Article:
The Treasury Department and the IRS released Notice 2015-79 (the “2015 Notice”) on November 19th to further limit expatriation transactions and to supplement the anti-inversion guidance issued by them on September 22, 2014 (the “2014 Notice”).

The 2015 Notice states that Treasury and the IRS will issue Treasury regulations to expand the scope of Section 7874 to apply to certain transactions and to address certain post-expatriation transactions so as to limit tax benefits of expatriations. The Treasury regulations announced in the 2015 Notice generally will apply to transactions completed on or after November 19, 2015 (i.e., no grandfathering of previously announced transactions) but, in the case of Treasury regulations limiting tax benefits of expatriations, only if the expatriation transaction was completed on or after September 22, 2014 (i.e., the date of the 2014 Notice).

Generally, a corporate inversion subject to Section 7874 is a transaction where a foreign corporation acquires a US corporation (or substantially all of its assets), the shareholders of the US corporation receive 60% or more of the stock of the foreign corporation and the foreign corporation does not have 25% or more of its worldwide operations following the acquisition in its country of organization. Under Section 7874(a)(1), such an inverted US corporation cannot use pre-acquisition losses to offset gain recognized during an “applicable period” of 10 years following the inversion. Under Section 7874(b), if the shareholders of the US corporation receive 80% or more of the stock of the foreign corporation, the foreign corporation will be taxable as a US corporation.

New Third Country Rule

Section 7874 generally applies based on whether shareholders of the US corporation receive 60% or more of the stock of the foreign parent company. Section 7874 does not contain any rules that would restrict the jurisdiction of the foreign parent company.

The 2015 Notice announces new Treasury regulations preventing a US corporation and a foreign corporation from having a foreign parent company that is a tax resident of a third jurisdiction. The rule generally applies if (i) the foreign parent company is a tax resident of a different jurisdiction than the acquired foreign corporation, (ii) the shareholders of the US corporation receive at least 60% of the stock of a foreign parent company and (iii) the gross value of the acquired foreign corporation exceeds 60% of the gross value of the foreign parent company (including the acquired foreign corporation but excluding the US corporation). If the rule applies, for purposes of Section 7874, the stock of the foreign parent company received by shareholders of the acquired foreign corporation will be disregarded in determining the percentage of foreign parent company stock received by the shareholders of the US corporation. Thus, this rule can apply where (a) a US corporation and a foreign corporation combine under a new foreign parent company, or (b) an existing foreign parent company acquires both a larger foreign corporation and a larger US corporation. In addition, if a foreign parent company changes its tax residence prior to but in connection with its acquisition of a US corporation, the rule will apply to disregard the stock of the foreign parent company held by its existing shareholders.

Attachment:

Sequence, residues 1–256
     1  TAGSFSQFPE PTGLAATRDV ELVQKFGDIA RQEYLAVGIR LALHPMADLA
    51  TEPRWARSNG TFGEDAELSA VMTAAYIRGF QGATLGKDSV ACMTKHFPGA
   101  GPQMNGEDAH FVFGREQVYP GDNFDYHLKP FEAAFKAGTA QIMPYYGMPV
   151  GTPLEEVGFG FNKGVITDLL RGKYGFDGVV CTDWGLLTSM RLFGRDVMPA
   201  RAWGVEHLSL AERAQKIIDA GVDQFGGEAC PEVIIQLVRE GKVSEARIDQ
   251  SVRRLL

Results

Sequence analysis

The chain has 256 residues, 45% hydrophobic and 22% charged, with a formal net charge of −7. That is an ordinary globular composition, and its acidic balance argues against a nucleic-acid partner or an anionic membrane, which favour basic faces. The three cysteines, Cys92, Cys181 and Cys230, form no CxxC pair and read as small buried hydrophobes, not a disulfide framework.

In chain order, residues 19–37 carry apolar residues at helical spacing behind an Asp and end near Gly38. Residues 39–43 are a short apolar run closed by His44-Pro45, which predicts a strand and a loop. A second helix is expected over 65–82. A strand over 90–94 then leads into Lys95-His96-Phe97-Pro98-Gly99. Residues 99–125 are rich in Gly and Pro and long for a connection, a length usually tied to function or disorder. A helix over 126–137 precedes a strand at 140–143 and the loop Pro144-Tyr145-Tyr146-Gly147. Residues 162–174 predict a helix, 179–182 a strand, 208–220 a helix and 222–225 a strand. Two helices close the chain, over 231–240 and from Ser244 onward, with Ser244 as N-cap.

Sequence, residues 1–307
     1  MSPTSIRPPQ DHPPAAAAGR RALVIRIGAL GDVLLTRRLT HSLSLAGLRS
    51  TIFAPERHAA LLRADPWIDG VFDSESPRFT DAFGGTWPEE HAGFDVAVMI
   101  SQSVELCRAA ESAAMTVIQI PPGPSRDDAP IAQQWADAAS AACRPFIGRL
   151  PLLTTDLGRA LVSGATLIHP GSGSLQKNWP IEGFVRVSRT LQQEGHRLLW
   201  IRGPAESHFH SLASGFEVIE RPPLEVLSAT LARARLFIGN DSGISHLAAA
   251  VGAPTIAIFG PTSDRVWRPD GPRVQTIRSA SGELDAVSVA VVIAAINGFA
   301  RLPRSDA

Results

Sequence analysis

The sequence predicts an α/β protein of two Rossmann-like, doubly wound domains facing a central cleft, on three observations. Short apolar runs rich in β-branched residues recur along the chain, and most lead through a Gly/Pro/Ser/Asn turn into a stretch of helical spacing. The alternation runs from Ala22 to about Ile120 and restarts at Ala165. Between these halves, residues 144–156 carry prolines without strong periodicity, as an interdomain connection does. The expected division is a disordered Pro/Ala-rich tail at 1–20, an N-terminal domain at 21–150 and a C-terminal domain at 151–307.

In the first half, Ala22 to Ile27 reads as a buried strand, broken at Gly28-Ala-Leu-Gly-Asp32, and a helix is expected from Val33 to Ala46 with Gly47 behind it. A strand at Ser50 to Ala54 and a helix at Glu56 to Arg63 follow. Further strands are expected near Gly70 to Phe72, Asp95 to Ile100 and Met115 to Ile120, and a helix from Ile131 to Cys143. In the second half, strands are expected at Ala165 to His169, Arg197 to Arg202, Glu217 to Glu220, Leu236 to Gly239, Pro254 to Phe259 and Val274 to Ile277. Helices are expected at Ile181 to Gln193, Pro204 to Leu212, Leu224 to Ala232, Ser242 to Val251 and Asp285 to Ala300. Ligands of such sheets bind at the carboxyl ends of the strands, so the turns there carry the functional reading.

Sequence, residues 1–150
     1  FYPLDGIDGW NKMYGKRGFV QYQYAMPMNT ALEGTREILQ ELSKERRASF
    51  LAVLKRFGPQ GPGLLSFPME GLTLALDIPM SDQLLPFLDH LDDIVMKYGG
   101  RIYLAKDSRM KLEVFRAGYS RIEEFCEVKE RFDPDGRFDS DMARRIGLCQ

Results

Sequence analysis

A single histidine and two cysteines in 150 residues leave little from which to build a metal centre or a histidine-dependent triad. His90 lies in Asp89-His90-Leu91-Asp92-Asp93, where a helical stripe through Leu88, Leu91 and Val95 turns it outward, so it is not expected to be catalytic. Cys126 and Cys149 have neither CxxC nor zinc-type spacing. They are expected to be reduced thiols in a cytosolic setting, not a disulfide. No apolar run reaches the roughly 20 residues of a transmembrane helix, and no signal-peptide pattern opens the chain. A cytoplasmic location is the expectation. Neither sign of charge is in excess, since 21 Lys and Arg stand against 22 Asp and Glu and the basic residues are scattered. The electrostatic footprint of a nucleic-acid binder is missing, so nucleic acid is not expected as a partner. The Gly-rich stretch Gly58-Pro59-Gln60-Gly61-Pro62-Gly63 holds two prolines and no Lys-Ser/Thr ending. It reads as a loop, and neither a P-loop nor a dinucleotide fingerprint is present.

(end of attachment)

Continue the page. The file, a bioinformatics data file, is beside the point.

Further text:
In announcing this rule, Treasury and the IRS appear to have extended their aggressive view of their authority to issue Treasury regulations under Section 7874.

Limitation on Substantial Business Activities Exception

Section 7874 does not apply to an expatriation transaction if at least 25% of the foreign parent corporation’s worldwide operations (including the acquired US corporate group) are located in its country of organization. This 25% test generally must be met with respect to the employees, sales and assets of the foreign parent corporate group.

Under US tax rules, a corporation generally is treated as tax resident of the country in which it is created or organized. Tax rules of foreign countries may have different standards for determining tax residence, such as where the corporation is managed and controlled. Thus, a foreign parent company may not be a tax resident of the country of its organization.

The 2015 Notice announces new Treasury regulations that will provide that the foreign parent company must also be a tax resident in its country of organization to satisfy the 25% substantial business activities exception. This change may have limited impact because the 25% substantial business activities exception is a significant threshold for multinational corporations to meet, and few prior expatriation transactions have qualified for this exception.

Anti-Stuffing Rules

If shareholders of the US corporation receive 80% or more of the stock of the foreign parent company, Section 7874 applies to treat the foreign parent company as a US corporation for US tax purposes.

Current Treasury regulations disregard stock of the foreign parent company that is received by other shareholders in exchange for certain “stuffing” assets. For example, if in connection with the acquisition of a US corporation, an existing or new shareholder of the foreign parent company acquires additional stock in exchange for cash, this additional stock will be disregarded. Stuffing assets generally include three specified classes of assets consisting of cash (or cash equivalents), marketable securities and certain obligations (e.g., obligations owed by the foreign parent company), as well as property transferred in connection with the acquisition of the US corporation with a principal purpose to avoid the purposes of Section 7874.

Treasury and the IRS expressed concern that taxpayers were interpreting the principal purpose asset class of the anti-stuffing rule as only applying to indirect transfers of the specified asset classes. Treasury and the IRS disagree with this interpretation, and the 2015 Notice describes clarifying changes to the anti-stuffing rules to provide that the principal purpose asset class can apply to any type of assets, even active business assets.